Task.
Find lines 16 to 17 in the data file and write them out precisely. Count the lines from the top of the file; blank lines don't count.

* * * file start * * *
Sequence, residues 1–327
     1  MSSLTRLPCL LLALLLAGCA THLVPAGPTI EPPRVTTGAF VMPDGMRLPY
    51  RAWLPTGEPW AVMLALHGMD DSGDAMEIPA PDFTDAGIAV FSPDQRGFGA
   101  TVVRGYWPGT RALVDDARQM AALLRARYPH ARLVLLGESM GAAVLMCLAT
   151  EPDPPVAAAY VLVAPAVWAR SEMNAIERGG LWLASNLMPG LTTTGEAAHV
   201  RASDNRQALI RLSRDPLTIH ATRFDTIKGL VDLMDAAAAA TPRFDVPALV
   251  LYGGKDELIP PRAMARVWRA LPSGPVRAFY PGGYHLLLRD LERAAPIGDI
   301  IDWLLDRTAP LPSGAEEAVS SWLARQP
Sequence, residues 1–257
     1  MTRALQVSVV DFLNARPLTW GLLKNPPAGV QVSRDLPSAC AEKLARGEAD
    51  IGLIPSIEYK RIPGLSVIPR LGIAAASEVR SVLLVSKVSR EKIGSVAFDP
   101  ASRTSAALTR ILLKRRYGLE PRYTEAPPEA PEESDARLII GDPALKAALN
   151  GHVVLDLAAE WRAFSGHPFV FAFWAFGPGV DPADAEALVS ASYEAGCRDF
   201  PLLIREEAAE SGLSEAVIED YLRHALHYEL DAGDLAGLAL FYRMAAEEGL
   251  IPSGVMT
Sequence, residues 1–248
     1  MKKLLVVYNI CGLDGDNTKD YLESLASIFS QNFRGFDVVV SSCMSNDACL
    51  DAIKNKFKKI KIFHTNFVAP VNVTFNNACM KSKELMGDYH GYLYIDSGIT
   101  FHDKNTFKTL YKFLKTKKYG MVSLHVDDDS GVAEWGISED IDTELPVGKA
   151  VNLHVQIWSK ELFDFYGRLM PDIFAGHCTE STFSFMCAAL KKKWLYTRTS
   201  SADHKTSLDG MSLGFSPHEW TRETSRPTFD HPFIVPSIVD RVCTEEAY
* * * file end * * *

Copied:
Sequence, residues 1–248
     1  MKKLLVVYNI CGLDGDNTKD YLESLASIFS QNFRGFDVVV SSCMSNDACL